8 Most Horrifying Practical Film Effects (And How They Were Achieved)

Oh god, it looks so real...

So much has been said about the proliferation of CGI in modern movies. It's a technique that has become extremely commonplace, given the relative low cost and ease with which all kinds of special effects can now be digitally whipped up. But CGI hasn't come without its share of criticism. Many blame its overuse for weightless action sequences and aesthetic uncanniness, damaging the final product rather than enhancing it.

More and more fans are crying out for a return to the olden days of film-making. One of the main marketing focuses of Star Wars: The Force Awakens, for example, is its strong use of on-location filming, puppets and animatronics. Conversely, Peter Jackson's The Hobbit trilogy was heavily criticised for what many people consider to be worse effects than The Lord Of The Rings, which was created a decade before. There is just something much more tangible about practical effects. This is no better exemplified by horror movies; they are founded on shock and discomfort, so it's extremely important they get the realism right. But how exactly do they achieve that? Here are eight disgusting examples of practical effects...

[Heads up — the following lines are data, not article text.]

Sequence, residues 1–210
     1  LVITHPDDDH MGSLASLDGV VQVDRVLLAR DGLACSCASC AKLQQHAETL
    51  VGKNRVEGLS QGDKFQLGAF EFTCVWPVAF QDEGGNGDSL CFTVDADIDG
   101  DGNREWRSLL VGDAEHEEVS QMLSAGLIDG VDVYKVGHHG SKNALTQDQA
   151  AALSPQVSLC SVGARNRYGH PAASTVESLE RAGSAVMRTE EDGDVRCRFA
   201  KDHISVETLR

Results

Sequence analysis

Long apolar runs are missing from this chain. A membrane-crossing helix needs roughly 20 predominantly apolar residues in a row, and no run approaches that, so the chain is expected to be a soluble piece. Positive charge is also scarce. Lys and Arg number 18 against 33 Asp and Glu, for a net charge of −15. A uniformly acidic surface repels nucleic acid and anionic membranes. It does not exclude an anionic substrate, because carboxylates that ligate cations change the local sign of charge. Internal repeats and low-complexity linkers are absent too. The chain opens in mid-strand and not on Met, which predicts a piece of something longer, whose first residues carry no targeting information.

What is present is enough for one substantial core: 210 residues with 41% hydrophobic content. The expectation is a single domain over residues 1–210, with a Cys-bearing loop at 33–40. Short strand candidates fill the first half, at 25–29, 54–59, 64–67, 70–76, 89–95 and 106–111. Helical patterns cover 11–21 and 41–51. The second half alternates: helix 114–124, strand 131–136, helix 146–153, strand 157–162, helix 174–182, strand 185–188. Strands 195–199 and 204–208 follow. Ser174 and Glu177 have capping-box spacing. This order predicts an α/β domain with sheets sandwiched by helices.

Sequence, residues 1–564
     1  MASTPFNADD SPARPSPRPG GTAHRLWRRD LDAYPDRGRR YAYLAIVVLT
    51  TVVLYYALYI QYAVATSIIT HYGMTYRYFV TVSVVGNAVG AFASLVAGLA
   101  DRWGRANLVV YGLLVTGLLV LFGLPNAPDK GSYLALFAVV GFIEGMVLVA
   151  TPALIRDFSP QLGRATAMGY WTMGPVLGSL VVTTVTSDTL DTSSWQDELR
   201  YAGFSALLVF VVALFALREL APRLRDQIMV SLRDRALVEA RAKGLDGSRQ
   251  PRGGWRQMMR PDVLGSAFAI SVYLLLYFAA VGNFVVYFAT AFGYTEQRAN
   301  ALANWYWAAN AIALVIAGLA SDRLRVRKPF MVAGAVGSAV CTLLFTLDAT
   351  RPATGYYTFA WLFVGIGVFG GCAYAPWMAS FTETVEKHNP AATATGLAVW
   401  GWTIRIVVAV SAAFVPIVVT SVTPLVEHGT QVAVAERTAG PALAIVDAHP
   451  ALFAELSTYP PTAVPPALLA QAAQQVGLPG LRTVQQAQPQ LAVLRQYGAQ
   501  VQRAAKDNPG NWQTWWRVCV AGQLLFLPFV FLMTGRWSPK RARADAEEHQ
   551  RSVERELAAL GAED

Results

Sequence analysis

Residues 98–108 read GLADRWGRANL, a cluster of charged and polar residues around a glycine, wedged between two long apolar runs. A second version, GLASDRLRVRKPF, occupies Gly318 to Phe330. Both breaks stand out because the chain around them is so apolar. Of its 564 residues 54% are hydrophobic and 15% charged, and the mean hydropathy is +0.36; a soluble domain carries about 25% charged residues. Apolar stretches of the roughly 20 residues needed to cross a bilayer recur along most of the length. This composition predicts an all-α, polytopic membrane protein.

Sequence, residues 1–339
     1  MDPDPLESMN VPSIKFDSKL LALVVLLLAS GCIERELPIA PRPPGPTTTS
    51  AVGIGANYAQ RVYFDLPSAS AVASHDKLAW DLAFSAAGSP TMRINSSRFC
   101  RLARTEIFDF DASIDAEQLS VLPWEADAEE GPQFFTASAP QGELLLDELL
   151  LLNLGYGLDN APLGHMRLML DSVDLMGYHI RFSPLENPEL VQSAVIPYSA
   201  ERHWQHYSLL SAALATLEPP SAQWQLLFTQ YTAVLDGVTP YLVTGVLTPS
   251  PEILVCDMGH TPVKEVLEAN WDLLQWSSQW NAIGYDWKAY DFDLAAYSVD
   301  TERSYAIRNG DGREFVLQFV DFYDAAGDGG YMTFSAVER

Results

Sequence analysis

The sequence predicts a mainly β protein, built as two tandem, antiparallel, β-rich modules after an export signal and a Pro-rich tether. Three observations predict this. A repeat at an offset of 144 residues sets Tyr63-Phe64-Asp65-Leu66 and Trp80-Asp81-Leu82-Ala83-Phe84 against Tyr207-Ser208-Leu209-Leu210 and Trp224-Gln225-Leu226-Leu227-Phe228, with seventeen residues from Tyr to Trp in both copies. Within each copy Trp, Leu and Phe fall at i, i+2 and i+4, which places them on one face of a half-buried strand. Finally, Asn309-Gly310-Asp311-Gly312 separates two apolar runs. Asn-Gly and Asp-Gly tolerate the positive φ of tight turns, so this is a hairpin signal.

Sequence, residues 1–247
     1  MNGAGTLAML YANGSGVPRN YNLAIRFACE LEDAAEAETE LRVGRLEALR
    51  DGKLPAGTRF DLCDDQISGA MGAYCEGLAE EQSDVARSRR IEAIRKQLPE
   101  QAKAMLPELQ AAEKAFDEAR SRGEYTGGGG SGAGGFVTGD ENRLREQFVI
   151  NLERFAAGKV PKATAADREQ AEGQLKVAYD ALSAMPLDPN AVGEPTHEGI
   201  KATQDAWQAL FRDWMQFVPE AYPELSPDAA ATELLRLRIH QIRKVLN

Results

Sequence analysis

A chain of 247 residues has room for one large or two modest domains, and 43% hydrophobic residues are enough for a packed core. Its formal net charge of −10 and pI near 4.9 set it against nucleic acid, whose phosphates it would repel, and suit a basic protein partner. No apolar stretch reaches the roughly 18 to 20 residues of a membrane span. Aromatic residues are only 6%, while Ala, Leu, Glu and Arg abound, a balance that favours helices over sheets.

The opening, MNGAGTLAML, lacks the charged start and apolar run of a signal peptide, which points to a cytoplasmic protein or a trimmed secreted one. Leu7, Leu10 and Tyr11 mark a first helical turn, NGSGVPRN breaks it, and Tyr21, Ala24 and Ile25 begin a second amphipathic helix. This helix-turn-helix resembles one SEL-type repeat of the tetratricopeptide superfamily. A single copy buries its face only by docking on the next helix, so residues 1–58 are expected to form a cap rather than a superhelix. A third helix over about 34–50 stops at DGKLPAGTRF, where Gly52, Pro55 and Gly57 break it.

8. The Transformation - An American Werewolf In London

The Movie: Probably the greatest werewolf movie of all time, An American Werewolf In London is the standard by which all other movies with transformations are measured.

The Effect: The film's transformation scene is unparalleled. David Kessler's agony is genuine, tangible and totally terrifying. It's basically like watching a monstrous version of puberty. How They Did It: The effects were helmed by American make-up artist Richard Baker, mostly achieved through animatronics - lifelike robots that were able to bend, contort and transform in ways impossible for the human body, like the final extension of the beast's jaw. The animatronics were made from fibreglass and foam and covered with a thick pelt of hair to give a more bestial look. Several different versions were created with various pained facial expressions in order to get the transformation just right. One of the most striking things about the scene is the fluctuation of the flesh on the hands and legs. This was done by releasing compressed air beneath the surface.

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